Pregnancy and obstetrics. Do placental lesions reflect thrombophilia state in women with adverse pregnancy outcome?
Author: Mousa, Hatem A.
Source: Human Reproduction, Volume 15, Number 8, August 2000 , pp. 1830-1833(4)
Publisher: Oxford University Press
Abstract:We examined the relationship between placental histology and thrombophilia status in women who were admitted with severe pre-eclampsia/eclampsia, placental abruption, intrauterine growth restriction or unexplained stillbirth. All women had thrombophilia screen at least 10 weeks after delivery (antithrombin III, protein C, protein S, activated protein C resistance, anticardiolipin antibodies, lupus anticoagulant, fasting plasma homocysteine and specific mutations to methylenetetrahydrofolate reductase C677T, G20210A prothrombin gene and factor V Leiden. Placental histology reports were examined to identify the frequency of thrombotic lesions in the placenta including fetal stem vessel thrombosis, fetal thrombotic vasculopathy, placental infarction, perivillous fibrin deposition, intervillous thrombosis and placental floor infarction. During a 17 month period, a cohort of 79 women met the study criteria. Thirty (70%) out of 43 women with abnormal thrombophilia screen had abnormal placental histology. Twenty-eight (78%) out of 36 women with negative thrombophilia screen had abnormal placentae. No specific histological pattern could be identified when thrombophilia positive and thrombophilia negative groups were compared. We propose that there is a poor correlation between thrombophilia status and pathological changes of the placenta in women with severe pregnancy complications.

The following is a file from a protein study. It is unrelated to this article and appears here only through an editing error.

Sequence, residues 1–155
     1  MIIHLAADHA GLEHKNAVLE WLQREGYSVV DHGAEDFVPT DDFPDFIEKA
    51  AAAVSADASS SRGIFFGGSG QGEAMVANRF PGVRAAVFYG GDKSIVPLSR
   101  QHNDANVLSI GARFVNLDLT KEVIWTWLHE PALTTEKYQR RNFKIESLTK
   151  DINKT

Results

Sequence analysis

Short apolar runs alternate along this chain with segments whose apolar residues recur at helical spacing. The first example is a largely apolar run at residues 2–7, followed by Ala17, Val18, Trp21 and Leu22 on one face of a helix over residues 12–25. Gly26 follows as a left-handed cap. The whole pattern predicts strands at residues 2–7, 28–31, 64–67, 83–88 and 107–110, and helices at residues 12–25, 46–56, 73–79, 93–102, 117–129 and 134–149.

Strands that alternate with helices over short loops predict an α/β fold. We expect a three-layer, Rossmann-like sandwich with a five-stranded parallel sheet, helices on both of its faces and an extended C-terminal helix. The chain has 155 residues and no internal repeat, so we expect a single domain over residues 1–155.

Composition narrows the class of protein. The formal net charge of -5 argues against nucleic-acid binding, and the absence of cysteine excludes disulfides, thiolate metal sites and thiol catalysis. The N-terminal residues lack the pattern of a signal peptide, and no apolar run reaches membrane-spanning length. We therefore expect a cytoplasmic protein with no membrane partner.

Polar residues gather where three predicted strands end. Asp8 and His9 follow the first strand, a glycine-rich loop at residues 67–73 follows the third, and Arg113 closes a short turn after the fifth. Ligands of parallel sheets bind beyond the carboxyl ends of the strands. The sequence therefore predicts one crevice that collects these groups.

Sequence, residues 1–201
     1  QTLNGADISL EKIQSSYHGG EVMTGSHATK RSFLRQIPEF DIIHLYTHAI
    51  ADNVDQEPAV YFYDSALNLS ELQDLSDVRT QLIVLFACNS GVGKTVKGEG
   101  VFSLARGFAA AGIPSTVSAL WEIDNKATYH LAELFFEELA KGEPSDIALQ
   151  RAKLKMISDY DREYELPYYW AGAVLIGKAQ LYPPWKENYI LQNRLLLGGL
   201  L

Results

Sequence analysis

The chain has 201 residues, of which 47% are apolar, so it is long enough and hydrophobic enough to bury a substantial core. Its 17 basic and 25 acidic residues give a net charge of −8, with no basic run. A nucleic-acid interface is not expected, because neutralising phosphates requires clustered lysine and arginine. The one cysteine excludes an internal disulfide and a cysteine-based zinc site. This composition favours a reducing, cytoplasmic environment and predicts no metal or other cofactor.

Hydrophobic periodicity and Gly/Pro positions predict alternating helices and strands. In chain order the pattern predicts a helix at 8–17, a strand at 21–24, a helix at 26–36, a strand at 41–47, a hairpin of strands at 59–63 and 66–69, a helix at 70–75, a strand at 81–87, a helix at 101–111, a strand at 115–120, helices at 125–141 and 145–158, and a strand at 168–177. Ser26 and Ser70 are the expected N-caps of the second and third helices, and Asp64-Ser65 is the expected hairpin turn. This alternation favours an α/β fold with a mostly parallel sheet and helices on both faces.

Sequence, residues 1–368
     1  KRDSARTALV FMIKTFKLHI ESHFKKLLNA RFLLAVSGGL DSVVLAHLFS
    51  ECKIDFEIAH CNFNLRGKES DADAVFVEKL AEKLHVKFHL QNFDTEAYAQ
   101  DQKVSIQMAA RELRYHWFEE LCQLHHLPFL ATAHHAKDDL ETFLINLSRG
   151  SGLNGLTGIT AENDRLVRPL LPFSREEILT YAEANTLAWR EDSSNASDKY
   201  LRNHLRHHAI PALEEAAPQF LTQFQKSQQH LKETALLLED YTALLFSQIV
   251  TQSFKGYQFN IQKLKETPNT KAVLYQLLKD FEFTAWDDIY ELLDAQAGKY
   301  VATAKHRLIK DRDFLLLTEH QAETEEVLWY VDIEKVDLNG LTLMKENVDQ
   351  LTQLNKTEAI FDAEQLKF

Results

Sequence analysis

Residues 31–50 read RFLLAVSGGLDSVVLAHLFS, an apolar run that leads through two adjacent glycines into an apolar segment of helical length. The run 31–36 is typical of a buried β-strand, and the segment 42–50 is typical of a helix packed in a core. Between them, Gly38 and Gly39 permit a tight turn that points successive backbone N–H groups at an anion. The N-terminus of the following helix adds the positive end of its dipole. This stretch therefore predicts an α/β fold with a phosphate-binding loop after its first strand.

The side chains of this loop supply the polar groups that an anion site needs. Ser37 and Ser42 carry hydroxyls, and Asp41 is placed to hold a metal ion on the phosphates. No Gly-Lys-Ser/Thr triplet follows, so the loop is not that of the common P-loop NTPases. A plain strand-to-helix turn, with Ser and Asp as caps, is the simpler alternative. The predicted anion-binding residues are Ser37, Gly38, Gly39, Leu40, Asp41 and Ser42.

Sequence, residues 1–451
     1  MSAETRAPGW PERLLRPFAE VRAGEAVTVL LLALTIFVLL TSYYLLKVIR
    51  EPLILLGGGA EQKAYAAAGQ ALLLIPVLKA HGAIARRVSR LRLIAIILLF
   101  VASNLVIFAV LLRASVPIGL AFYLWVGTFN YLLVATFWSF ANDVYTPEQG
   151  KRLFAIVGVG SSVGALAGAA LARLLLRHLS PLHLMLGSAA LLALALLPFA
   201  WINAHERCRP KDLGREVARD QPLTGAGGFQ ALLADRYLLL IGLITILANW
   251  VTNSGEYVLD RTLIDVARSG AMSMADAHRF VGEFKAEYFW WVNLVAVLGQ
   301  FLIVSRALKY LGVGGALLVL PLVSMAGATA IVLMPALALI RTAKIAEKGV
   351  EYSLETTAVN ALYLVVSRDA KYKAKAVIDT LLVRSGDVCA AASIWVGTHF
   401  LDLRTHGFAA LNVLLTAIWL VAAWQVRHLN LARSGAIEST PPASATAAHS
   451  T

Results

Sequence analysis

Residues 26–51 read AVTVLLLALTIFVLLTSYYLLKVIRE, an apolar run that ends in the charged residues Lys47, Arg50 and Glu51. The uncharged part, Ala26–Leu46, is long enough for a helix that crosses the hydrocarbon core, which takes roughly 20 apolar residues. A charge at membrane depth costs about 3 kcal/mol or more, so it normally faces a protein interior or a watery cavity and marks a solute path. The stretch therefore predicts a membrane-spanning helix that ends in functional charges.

Document Type: Research Article
Publication date: 2000-08-01
- Human Reproduction features full-length, peer-reviewed papers reporting original research, clinical case histories, as well as opinions and debates on topical issues. Papers published cover the scientific and medical aspects of reproductive physiology and pathology, endocrinology, andrology, gonad function, gametogenesis, fertilization, embryo development, implantation, pregnancy, genetics, genetic diagnosis, oncology, infectious disease, surgery, contraception, infertility treatment, psychology, ethics and social issues. The highest scientific and editorial standard is maintained throughout the journal along with a rapid rate of publication.